It was October of 2003, Game 7 of the ALCS. The Red Sox had a three-run lead in the eighth and were grinding it out for the pennant in the old Yankee Stadium.

Everyone knows the rolodex of missteps that ensued—Grady Little inexplicably left Pedro Martinez in the game, and the Sox blew the three-run lead then in the bottom of the 11th inning, Aaron [expletive] Boone took a Tim Wakefield knuckleball over the left-field porch.

Game over. Season ended.

I sat in a rocking chair in a near-catatonic state for four hours after that game, wondering if I’d be weaving baskets for the rest of my days.

But then something else happened.

The Hot Stove got cooking. On Thanksgiving Day, Red Sox owner Dr. Creepy and the wonderboy GM Theo Epstein flew to Arizona to dine on turkey and stuffing with Curt Schilling’s family and convince an aging but still-relevant pitcher to come to Boston.

Schilling agreed, an early-Christmas present for Sox fans aching for retribution.

In the press conference announcing Schilling as a Red Sox, Mr. Future-Bloody Sock said all the right things, notably, “I guess I hate the Yankees now.”

Ah, nostalgia. Remember when the Hot Stove would sate fans’ need for baseball during the long insufferable New England winters?

Fast-forward 16 years, and here we are listening to the new Chief Baseball Officer (apparently General Managers aren’t a thing anymore) Chaim Bloom—a name straight from a James Joyce novel—spew a scripted litany of non-committal decisions regarding the future of the team.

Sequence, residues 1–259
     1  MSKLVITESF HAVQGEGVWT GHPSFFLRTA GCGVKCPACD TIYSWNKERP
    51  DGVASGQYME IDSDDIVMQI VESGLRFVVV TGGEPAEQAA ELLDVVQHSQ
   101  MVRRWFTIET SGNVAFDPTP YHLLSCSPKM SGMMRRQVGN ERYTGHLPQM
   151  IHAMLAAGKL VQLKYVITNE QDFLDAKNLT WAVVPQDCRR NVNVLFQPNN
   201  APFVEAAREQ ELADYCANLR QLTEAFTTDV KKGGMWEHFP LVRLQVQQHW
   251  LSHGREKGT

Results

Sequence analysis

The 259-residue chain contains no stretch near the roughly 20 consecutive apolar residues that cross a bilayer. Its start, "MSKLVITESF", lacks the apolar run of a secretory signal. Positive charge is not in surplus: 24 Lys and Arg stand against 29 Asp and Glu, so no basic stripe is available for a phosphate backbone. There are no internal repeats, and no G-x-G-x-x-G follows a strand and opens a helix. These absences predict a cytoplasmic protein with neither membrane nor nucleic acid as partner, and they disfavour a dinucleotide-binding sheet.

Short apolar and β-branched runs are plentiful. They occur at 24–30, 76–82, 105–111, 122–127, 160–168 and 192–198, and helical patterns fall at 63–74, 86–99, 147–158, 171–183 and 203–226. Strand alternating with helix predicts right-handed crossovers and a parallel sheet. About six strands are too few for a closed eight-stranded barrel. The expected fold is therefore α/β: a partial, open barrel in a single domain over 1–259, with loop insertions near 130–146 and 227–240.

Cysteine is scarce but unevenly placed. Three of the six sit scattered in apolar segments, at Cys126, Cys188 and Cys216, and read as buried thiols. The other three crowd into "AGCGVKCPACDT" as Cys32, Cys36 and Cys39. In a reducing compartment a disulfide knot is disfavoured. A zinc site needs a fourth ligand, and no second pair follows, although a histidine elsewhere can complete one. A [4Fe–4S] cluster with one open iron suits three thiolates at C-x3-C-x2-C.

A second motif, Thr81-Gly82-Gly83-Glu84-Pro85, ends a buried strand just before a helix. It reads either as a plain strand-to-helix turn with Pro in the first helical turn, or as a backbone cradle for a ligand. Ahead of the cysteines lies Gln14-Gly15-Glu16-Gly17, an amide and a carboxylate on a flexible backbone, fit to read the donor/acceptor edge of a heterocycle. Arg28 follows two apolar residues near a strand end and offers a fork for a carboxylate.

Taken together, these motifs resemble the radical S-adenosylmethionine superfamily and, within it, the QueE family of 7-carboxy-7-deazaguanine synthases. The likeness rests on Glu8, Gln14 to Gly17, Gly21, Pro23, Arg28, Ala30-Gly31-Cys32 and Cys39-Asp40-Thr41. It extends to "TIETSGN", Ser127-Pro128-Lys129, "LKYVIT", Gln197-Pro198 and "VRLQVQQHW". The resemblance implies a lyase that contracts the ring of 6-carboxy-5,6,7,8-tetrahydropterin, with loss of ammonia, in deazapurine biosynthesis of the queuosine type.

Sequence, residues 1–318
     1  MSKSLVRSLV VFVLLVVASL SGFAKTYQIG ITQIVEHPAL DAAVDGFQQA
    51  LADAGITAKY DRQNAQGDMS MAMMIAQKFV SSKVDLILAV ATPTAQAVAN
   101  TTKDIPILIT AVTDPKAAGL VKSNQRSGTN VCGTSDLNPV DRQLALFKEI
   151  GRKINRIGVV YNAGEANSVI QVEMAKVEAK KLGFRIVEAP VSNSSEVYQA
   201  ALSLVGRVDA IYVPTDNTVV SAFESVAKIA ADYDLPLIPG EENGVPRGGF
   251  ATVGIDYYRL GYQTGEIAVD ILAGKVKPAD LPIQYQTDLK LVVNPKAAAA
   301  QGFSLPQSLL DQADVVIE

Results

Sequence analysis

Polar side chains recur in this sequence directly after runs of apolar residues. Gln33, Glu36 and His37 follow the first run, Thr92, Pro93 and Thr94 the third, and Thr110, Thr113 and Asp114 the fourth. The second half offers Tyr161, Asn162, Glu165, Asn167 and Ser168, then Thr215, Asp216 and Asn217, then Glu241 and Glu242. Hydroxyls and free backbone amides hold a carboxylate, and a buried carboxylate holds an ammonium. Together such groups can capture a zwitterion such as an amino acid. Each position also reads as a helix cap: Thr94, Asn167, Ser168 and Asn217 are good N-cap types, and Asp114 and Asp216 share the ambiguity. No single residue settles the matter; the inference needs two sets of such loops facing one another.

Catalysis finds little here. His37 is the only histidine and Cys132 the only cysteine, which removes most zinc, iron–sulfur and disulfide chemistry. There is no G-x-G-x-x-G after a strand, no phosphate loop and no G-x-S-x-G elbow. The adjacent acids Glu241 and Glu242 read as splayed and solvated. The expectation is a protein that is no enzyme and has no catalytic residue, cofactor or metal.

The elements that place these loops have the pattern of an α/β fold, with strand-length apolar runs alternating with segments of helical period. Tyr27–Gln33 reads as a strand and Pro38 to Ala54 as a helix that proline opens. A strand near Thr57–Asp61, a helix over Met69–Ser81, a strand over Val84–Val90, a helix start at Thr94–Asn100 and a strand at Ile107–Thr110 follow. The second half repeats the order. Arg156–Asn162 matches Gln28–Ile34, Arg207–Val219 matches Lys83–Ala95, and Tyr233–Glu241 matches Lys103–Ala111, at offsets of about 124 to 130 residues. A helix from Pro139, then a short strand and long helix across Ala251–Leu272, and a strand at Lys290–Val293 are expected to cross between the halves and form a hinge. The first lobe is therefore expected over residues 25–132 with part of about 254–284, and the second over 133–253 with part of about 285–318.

Listening to Bloom is like sitting in a lecture hall with an economics professor reading from his own book. Blah, blah, blah, blah, ba-blah. And still we know nothing of his vision for the team moving forward.

Here’s what we know about the 2019 Blah Stove.

The Blah Sox may or may not deal their homegrown superstar Mookie Betts, who has made it clear he’s unhappy in Boston and itching to test the free agent market next year, where Betts will likely command a Troutian contract.

Without Mookie, perhaps the Sox most electric draw, there’s one less reason to truck out to Fenway, hemorrhaging cash on exorbitant ticket and concession prices.

That’s not even the best part.

Did I mention that the front office also announced to fans that, while cutting payroll, they’ll be increasing ticket prices. So here’s something else we learned from the Blah Stove: Fans will be paying more to watch an inferior product.

Where do I sign up?

Additionally, the Red Sox have another potential problem that may or may not affect fans’ perception of the product. Manager Alex Cora is now being implicated for his seminal role in 2017 World Series Champion Houston Astros’ nefarious technological sign-stealing scheme when Cora was the bench coach.

Is it out of bounds to assume the same perfidious tricks were used at Fenway Park during their historic 2018 World Series run?

Maybe I just have sand in my pants. Maybe I’m so disheartened by the collective indifference from the 2019 Red Sox that I’m looking for things to complain about. Maybe I’m getting old and realizing that the game of baseball might have an expiration date with the new generations.

Or maybe I’m just waiting for someone in the organization to come forward and convince me that the team is more than some sterile economic and mathematical equation. That’s there’s something there worth our time and passion.

Or just maybe Blah Sox have left me with a bad case of the winter blahs.